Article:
SURGERY AT 57
Sawbones sent JD away
Under the knife for exorbitant pay.
He pulled my pal's guts
And cried, "I'm a putz!
You've the innards of Dorian Gray!"
Yes, the letters are embarrassing and the bio is bonehead. But audience-therapy America ain't interested in a celeb who didn't make it into at least serial rehab. And even if he had, the publicity would only further offend academic anthologists who define their loftier, ivory-tower values by steering clear of marketplace success and cliche failure. Success seems to alienate the effete amateur world of poetry, just as Jim did with the flamboyance of his celebrity. "Celebrity poet" is an oxymoron. Only Jim himself could imagine and assemble and juggle all his whirling disparate selves -- "too various to be trusted" -- into that amazing range of personality. Without him, we're left with the static, contradictory pieces...the poems...the novels...the work temporarily overshadowed, post mortem, by summing up the self-destructive life. The world's hindsight revenge on a non-repentant genius is to cluck and, sadly or not, dismiss him as a fool. But time will put at least the work back together, and bring it into the foreground. It won't be the celebrity who resurrects; it'll be the poet. And the rock will roll away from the mouth of the cave for the same reason it did for Jesus: because someone, some anthologist and/or publisher such as superb Daniel Halpern or an editor like Peter Davison (bless him in heaven), believes hard enough in the work and wants to carry it on.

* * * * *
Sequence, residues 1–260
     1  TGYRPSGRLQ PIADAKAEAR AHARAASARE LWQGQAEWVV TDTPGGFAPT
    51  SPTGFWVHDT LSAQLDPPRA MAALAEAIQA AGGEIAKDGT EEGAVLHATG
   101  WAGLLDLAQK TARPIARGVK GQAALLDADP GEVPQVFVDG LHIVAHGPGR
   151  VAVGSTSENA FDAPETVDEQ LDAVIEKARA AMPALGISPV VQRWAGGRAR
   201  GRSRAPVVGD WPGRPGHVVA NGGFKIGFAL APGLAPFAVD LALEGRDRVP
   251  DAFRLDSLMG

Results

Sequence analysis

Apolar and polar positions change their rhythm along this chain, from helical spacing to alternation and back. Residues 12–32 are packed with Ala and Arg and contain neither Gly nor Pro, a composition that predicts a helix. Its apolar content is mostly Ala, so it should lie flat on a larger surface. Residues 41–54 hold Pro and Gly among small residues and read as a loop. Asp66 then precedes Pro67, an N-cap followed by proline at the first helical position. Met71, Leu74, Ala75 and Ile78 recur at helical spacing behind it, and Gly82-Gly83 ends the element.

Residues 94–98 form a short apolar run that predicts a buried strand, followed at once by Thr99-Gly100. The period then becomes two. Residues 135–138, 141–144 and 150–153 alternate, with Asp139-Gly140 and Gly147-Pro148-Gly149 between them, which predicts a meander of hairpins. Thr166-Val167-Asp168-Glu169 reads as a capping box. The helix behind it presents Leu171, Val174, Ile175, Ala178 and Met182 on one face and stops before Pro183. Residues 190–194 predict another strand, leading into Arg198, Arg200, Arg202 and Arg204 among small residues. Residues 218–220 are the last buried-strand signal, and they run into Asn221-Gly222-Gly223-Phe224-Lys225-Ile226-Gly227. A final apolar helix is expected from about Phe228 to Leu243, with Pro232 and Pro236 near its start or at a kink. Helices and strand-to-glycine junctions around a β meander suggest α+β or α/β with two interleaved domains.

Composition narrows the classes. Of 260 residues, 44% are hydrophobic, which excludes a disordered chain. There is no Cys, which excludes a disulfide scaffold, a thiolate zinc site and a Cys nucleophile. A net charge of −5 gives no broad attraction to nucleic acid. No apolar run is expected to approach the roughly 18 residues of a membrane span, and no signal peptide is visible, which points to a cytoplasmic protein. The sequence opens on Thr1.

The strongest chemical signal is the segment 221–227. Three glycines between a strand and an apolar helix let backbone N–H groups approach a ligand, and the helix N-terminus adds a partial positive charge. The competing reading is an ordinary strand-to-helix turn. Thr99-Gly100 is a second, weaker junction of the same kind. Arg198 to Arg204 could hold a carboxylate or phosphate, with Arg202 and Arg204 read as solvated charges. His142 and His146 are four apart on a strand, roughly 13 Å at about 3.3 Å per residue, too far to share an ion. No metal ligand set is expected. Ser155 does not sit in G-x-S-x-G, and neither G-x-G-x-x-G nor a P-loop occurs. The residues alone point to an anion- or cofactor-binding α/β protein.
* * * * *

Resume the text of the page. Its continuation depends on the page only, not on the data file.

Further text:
One of the most revealing things Jim ever said was his endlessly repeated quip to his wife Maxine about being nervous before one of his first readings:
"'Just be yourself,' she said."
"And I answered, 'Ah, but which self?'"
Jim was and still is so confusing, especially to anyone who loved him. But out of that comes the question that might help:
Which Jim do we want to remember?